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500,000 UandMe record entries exposed online
According to their website, UandMe is a “Communication app for Teams.” I’ve recently found that the company may, through a MongoDB misconfiguration, be responsible for leaking its own production database (named “uandmeprod_main”). It’s hard to say for sure though because I can’t get a response out of them.
I dispatched the following email to various UandMe contact addresses earlier last week:
I have discovered an apparent data breach involving your organization. There is a publicly exposed MongoDB database sitting out on the internet right now that looks to contain a vast amount of your company's internal data.
The server is located at:
IP address: 184.108.40.206
There is no username or password required to access it.
If this is indeed your data, please secure the database immediately!
As I do plan to publicly disclose word of this event (but not the sensitive data itself), I have a few questions:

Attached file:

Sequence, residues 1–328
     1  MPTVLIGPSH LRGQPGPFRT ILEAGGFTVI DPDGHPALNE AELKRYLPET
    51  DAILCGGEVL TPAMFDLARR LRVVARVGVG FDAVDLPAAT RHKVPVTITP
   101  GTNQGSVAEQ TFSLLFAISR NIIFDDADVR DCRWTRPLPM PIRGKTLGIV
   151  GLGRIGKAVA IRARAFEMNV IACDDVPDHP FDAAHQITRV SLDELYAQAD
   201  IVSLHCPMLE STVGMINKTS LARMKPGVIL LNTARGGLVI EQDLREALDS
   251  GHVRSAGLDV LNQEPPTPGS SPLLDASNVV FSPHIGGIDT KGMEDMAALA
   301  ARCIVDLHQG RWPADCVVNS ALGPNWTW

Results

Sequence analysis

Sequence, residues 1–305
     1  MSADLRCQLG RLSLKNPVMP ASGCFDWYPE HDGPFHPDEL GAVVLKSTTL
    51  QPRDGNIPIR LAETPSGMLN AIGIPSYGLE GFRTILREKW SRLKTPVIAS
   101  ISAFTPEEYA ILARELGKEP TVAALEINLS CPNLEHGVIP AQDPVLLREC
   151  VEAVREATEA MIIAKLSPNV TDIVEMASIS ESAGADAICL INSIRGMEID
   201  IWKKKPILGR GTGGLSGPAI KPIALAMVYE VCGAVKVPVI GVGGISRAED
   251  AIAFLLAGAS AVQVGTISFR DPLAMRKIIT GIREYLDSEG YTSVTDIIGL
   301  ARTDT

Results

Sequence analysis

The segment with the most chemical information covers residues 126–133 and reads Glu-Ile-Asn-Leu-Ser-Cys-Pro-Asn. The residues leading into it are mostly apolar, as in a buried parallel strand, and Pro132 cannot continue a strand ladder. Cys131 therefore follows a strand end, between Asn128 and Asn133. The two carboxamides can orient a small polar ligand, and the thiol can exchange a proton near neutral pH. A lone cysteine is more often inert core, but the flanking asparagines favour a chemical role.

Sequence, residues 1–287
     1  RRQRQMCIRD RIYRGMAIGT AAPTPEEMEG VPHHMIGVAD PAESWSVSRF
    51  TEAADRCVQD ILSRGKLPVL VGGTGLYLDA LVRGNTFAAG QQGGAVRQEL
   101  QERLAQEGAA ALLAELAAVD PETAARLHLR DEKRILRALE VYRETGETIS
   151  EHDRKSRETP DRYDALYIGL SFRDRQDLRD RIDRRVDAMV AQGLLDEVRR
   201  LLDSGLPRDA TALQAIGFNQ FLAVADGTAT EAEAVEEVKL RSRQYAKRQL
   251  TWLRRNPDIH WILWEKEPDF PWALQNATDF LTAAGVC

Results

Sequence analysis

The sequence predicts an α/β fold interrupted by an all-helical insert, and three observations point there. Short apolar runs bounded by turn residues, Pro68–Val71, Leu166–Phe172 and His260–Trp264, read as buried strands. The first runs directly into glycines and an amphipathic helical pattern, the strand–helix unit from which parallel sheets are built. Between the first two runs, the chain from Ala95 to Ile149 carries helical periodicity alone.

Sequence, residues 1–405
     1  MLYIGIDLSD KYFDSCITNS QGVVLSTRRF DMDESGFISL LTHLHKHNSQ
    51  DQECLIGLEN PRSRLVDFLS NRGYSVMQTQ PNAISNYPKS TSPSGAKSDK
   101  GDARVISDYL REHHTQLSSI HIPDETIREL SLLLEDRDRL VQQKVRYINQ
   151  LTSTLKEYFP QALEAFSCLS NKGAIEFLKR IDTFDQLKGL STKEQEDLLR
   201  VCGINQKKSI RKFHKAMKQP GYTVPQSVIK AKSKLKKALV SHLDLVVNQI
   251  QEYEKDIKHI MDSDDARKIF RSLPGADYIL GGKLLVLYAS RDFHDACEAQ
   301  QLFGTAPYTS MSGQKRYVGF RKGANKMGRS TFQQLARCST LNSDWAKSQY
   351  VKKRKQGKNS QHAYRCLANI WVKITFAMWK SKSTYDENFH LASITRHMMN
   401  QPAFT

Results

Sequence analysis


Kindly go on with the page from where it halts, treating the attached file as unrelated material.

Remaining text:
- How long has this data been exposed?
- How many users are affected?
- Will you be notifying your users of this breach?
Please also note that any response, or lack of response, may be included in my reporting of the event.
As you can see in the screenshots above this post, the database contains nearly 500,000 “USERINFO” record entries.
The UandMe website states that the application “is developed implementing secure industry-best practices incorporating security reviews in the whole design, prototyping and deployment process.” That is clearly not the case if what I found is indeed a copy of their production database.
The database disappeared at some point after my email notification was sent. This leads me to believe that someone at UandMe saw my email and took action.
Lacking any sort of direct response from UandMe, it’s hard to say whether or not any affected users will receive notification that their personal info may have been exposed. I have high hopes that appropriate action will be taken, but I guess we’ll have to wait and see.
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Attention - Portions of this article may be used for publication if properly referenced and credit is given to MacKeeper Security Researcher, Chris Vickery.